Your radiotherapy treatment
Radiotherapy uses ionising radiation in the area to be treated, with the aim of destroying cancer cells and preventing them from reproducing.
Due to technological advances over recent years, radiotherapy is currently safe, painless and effective, and delivers very good results. In the majority of cases patients can continue with their normal daily lives during treatment.
What is radiotherapy?
It is a fundamental part of multidisciplinary cancer management, with the capacity to destroy cancer cells and prevent their growth and reproduction.
Radiotherapy is a local treatment, therefore only affecting the part of the body which is targeted.
Both the preparation and application of treatment require very complex technology. This technology has advanced greatly in the last few decades allowing more precise and safe radiotherapy treatment to be offered, greatly reducing possible side effects.
What does radiotherapy do?
- 1. It eradicates/destroys disease:
In established locations, when disease has still not spread, radiotherapy can eradicate the tumour, either alone or in conjunction with other treatments (systemic treatment).
- 2. It controls/stabilises the tumour:
In more advanced tumours, or in those which have spread to other parts of the body, radiotherapy can stabilise disease and prevent the tumour from growing further and invading other structures.
Although it does not make the tumour disappear completely it can shrink it, making surgery easier.
- 3. It alleviates cancer symptoms:
When the disease has already spread and is also causing symptoms affecting the patient’s quality of life (whether that be pain, bleeding or neurological or respiratory abnormalities), radiotherapy treatment may be suggested for symptom control.
What is this type of radiation?
A linear accelerator generates a high amount of energy (electrons). These electrons are accelerated, colliding with a target, causing high energy X-rays. These X-rays target the treatment zone, damaging DNA and causing cell death in the tumour cells, preventing their reproduction and spread. During this process, the patient cannot see, smell or feel the radiotherapy, as we often say, “you just have to believe”.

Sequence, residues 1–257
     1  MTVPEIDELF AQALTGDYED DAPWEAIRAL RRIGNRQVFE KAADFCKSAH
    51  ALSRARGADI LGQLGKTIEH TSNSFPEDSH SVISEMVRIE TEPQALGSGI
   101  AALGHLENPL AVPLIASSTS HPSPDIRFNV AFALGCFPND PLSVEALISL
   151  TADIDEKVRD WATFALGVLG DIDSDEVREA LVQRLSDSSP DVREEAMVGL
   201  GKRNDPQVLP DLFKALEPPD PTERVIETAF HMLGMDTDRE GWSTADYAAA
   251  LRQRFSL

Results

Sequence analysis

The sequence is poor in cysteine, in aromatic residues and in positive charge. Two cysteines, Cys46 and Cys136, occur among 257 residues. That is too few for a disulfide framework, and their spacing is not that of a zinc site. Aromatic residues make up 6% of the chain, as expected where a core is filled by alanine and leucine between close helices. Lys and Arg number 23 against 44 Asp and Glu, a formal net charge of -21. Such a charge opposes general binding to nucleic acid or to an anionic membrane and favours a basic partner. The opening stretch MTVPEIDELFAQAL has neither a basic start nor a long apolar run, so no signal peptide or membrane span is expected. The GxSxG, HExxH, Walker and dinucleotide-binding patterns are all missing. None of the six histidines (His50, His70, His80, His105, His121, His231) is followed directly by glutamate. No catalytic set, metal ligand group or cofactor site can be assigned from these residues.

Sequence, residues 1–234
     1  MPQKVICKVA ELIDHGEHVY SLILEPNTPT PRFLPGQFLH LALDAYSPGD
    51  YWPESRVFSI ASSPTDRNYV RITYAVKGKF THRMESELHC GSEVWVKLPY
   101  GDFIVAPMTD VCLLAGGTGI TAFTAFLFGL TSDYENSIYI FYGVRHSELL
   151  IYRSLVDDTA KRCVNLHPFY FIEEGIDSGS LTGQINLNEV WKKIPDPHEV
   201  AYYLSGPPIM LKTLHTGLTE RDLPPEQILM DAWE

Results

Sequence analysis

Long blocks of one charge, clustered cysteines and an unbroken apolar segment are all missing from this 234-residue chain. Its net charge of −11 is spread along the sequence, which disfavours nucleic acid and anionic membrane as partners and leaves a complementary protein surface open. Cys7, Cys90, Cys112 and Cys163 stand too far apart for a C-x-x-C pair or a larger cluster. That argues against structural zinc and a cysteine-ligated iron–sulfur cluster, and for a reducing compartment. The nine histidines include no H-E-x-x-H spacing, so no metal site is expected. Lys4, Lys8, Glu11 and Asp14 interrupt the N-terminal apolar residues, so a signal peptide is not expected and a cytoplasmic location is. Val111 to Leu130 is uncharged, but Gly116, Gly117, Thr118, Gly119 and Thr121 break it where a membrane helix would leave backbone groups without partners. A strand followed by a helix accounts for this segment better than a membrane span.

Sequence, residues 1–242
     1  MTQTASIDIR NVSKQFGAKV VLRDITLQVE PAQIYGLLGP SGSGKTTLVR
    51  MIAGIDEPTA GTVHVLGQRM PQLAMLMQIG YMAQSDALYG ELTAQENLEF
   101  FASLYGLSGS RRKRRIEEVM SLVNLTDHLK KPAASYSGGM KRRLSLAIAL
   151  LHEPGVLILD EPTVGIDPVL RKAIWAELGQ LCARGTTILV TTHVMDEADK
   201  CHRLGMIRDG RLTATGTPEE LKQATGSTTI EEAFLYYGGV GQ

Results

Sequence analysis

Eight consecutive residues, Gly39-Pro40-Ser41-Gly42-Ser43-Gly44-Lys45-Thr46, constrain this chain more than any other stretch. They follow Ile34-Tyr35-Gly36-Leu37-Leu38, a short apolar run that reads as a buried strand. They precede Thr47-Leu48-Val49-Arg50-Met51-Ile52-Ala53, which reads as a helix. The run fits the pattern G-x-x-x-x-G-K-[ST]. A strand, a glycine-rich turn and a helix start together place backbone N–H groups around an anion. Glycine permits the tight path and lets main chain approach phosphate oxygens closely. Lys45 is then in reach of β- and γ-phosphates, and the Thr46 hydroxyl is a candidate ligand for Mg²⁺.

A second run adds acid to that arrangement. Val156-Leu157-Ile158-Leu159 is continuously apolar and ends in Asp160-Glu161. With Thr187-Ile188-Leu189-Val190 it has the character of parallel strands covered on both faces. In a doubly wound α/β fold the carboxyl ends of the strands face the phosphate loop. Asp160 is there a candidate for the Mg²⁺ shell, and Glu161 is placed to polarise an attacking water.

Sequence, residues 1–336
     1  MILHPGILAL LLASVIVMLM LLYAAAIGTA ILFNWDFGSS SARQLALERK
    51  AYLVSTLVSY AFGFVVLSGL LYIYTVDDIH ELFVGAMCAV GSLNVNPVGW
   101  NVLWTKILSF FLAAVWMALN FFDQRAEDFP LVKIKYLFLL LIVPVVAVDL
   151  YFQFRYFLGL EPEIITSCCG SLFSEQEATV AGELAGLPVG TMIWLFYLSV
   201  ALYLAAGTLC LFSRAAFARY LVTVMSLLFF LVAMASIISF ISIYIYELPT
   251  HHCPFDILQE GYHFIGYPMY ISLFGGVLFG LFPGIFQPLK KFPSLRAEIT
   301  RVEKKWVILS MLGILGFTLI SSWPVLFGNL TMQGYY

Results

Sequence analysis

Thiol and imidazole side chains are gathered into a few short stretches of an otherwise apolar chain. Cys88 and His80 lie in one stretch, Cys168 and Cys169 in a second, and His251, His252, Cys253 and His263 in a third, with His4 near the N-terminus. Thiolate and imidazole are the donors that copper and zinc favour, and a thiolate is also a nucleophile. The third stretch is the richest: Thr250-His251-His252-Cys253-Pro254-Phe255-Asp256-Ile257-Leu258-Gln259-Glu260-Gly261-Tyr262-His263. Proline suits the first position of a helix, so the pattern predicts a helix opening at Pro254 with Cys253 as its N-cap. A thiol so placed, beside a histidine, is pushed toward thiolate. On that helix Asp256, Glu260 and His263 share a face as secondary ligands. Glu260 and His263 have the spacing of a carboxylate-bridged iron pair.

Neither do patients go home with radiation in their body, allowing them to continue to be with children or pregnant women following treatment.
Radiotherapy is generally well tolerated and is given on an outpatient basis. Although treatment requires several sessions, the latest technological advances have meant treatments are becoming shorter and shorter, whilst still being equally effective.
How does radiation affect cells?
Ionising radiation causes breaks in the DNA molecules, damaging their function, encouraging cell death and destroying their capacity to reproduce.
Cancer cells are slightly more sensitive to radiation than healthy cells.
Treatments are programmed with submillimetre precision, with the aim of affecting the tumour cells whilst reducing the dose to healthy tissue as much as possible.
When do I need to have radiotherapy?
70% of oncology patients will require radiotherapy.
Radiotherapy treats cancer at its source and the aim varies depending on when it is given.
Radiotherapy treats cancer at its source and the aim varies depending on when it is given.
As a single curative treatment.
This is given after a different radical treatment, such as surgical treatment, to eliminate possible microscopic residual disease.